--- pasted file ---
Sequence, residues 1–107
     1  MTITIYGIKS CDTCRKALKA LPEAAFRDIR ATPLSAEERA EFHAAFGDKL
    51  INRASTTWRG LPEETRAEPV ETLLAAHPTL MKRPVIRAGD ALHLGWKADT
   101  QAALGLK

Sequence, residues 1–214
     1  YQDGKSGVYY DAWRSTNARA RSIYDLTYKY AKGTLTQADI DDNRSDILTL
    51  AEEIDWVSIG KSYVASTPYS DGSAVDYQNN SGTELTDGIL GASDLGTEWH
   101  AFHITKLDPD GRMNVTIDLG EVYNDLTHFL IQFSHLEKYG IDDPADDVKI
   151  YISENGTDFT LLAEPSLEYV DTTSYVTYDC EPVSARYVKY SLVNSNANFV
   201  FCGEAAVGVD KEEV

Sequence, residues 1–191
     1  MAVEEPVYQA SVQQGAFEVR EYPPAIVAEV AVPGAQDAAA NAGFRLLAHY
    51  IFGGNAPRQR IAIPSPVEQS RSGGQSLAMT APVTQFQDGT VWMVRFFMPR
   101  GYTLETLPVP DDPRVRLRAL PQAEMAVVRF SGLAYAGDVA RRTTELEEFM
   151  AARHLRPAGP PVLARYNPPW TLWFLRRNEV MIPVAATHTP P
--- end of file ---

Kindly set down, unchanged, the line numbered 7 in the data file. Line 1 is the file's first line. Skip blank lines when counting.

    51  AEEIDWVSIG KSYVASTPYS DGSAVDYQNN SGTELTDGIL GASDLGTEWH